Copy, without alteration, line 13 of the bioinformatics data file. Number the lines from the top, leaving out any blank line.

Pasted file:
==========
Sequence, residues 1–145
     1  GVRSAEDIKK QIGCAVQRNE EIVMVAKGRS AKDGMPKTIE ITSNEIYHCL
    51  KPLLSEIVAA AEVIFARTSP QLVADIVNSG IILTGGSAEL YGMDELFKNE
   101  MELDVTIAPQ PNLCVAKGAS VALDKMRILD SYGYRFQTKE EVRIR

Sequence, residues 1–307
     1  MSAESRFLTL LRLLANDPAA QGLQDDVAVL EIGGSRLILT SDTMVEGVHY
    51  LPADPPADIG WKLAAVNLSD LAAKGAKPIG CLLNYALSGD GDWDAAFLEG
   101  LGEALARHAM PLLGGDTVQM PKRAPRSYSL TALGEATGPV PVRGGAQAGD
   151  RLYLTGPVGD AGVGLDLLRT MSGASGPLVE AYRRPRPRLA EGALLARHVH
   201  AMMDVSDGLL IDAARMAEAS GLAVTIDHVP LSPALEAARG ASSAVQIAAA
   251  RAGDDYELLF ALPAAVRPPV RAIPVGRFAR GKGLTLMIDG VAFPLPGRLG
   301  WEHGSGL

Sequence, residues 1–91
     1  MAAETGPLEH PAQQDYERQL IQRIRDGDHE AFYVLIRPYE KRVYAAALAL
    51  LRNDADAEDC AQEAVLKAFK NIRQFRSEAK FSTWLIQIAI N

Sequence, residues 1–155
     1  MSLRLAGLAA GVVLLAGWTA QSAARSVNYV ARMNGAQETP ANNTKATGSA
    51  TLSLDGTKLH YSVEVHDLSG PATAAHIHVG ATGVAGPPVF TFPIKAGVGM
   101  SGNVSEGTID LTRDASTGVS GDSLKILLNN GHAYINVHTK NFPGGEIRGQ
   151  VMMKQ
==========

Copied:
Sequence, residues 1–91